‘Pshychic Dancehall’, bonkers rockabilly excitement that it is, begins with the cry ‘Is anybody there?’ to which the band (?) reply ‘yeeessssss!’.  But who is the question for?  If for the audience, then obviously you’re there at that moment – you’ve just popped the needle down and you’ve actively made this noise happen.  When combined with aspects of the lyrics such as “When I’m dead and gone / My vibrations will live on / In vibes on vinyl through the years / People will dance to my waves” that act of putting the needle on (or CD in, or iPod, or whatever) suddenly becomes a much more significant act.  We’ve unwittingly become part of a game, or a scheme, and MES is already one step ahead.

Casting a disparaging view over the music press is hardly groundbreaking territory, but ‘Printhead’ takes this further, deconstructing itself as it goes  – “End of catch-line / End of hook-line” – offering the confusing but intriguing insight “there’s a barrier between writer and singer”, and even going so far to explicitly quote a review of the band:

The singer is a neurotic drinker
The band little more than a big crashing beat.
Instruments collide and we all get drunk
The last two lines
Were a quote, yeah
When we read them
We went to pieces

… and all this allied to a thrilling pop-punk, conventionalish tune that could mistakenly be mistaken for something dumb.  Anything but.

The glorious ‘Diceman’ paints MES as a true maverick to a standard, you’ve-heard-this-a-million-times-before Bo Diddly beat.  ‘Your Heart Out’ – probably my favourite thing here – has him deconstructing his own performance ‘I don’t sing I just shout / All on one note’, while also pointlessly, yet very amusingly, taking a swipe at another songwriter “don’t cry for me / Mexicooooooo!”.  And ‘Before The Moon Falls”, perhaps the brooding, beating heart of the album, begins with a terrific spoken word bit which I must quote verbatim as its so ruddy marvellous –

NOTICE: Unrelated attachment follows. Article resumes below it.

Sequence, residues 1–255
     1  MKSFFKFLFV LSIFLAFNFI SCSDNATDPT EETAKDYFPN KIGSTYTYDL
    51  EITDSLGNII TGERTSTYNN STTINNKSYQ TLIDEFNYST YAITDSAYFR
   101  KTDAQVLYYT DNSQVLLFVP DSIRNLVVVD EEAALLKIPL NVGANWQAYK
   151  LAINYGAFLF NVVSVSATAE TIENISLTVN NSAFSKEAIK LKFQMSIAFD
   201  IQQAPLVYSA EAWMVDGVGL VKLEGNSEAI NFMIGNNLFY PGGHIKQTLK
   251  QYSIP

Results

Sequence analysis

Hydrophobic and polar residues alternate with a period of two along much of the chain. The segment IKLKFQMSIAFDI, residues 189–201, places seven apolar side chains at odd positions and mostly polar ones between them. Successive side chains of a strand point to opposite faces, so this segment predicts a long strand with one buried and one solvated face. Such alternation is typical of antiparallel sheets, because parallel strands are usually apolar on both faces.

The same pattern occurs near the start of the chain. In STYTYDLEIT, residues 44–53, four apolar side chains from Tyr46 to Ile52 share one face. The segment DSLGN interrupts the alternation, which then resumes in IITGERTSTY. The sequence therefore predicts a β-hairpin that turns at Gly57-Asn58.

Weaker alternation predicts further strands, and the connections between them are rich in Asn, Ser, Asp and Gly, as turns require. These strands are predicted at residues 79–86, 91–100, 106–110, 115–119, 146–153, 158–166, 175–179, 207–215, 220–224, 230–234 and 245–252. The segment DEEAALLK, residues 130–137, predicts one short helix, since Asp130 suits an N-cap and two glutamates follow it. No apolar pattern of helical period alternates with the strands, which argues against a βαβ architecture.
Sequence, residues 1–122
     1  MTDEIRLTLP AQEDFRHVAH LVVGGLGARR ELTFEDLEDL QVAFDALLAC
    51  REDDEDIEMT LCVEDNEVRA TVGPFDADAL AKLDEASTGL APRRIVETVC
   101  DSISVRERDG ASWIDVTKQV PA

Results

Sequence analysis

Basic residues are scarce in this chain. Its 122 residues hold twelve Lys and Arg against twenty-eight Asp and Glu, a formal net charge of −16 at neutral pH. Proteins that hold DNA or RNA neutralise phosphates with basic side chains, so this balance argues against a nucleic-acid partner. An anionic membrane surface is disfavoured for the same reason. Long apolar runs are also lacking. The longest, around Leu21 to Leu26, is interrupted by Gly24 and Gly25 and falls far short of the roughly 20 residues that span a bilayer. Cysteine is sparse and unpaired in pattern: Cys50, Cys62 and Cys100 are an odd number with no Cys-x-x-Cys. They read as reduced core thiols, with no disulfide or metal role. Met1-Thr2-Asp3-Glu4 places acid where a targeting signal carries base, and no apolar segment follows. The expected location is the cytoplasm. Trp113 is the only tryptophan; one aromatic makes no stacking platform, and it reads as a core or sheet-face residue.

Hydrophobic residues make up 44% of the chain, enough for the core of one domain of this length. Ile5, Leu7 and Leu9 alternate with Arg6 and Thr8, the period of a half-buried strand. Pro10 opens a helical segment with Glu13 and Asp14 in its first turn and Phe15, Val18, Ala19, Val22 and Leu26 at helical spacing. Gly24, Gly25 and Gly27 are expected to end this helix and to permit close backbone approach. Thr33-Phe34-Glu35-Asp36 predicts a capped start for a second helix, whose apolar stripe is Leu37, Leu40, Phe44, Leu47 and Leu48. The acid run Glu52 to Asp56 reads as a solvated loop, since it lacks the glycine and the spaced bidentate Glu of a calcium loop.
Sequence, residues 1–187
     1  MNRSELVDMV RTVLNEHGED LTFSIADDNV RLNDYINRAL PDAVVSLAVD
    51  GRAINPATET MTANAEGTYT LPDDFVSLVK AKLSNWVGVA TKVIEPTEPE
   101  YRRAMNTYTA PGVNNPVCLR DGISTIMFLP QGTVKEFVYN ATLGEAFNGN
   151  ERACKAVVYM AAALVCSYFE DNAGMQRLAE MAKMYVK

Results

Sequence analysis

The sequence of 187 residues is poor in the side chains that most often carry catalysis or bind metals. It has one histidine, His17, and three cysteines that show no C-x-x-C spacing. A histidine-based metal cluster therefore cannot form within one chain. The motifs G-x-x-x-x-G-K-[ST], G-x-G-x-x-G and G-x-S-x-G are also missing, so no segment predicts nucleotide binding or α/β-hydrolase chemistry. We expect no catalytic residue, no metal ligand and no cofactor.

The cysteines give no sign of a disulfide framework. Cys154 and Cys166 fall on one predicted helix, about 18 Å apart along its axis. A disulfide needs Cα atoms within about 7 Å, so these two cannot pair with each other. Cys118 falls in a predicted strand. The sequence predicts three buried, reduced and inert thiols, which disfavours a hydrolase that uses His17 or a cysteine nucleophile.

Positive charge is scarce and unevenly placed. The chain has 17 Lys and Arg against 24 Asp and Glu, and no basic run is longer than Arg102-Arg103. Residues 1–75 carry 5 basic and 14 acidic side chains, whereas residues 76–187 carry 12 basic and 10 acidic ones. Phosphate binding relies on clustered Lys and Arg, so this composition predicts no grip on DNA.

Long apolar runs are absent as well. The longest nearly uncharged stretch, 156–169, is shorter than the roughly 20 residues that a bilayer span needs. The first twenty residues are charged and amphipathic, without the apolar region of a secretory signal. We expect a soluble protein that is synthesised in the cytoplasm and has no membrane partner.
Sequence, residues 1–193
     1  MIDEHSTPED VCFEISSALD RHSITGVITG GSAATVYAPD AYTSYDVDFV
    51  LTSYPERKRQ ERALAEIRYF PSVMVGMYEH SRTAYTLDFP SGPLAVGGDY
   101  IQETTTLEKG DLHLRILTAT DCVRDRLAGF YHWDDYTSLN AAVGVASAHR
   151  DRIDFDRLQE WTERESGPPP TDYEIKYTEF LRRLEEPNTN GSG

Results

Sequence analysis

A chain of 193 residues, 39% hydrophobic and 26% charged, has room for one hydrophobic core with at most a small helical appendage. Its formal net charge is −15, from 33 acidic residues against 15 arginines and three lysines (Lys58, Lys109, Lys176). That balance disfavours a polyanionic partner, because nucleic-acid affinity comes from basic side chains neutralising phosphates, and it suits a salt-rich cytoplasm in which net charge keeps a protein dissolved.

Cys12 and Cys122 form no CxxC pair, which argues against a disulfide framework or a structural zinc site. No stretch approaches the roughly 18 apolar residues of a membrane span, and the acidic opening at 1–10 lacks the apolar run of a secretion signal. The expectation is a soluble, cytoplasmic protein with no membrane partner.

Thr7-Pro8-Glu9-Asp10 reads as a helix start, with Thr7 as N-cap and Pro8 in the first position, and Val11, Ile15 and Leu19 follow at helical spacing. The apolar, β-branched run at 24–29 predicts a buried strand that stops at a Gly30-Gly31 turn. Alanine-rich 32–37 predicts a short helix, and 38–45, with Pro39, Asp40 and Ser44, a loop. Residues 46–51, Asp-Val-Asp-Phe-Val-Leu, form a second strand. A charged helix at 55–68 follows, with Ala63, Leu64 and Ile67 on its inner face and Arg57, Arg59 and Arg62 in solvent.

We are private detectives onward back from a musical pilgrimage
We work under the name of the Fall.
Who would suspect this?  It is too obvious.
Our office is secluded.
Those there to suspect would not see the wood for the trees
We were six like dice but we’re back to five
Up here in the North there are no wage packet jobs for us, thank Christ
While young married couples discuss the poverties of their self-built traps
And the junior clergy demand more cash
We spit in their plate and wait for the ice to melt

And then manages to sum up the whole sentiment I think I’m driving toward with the opening (sung) lines “I must create a new regime / Or live by another man’s”.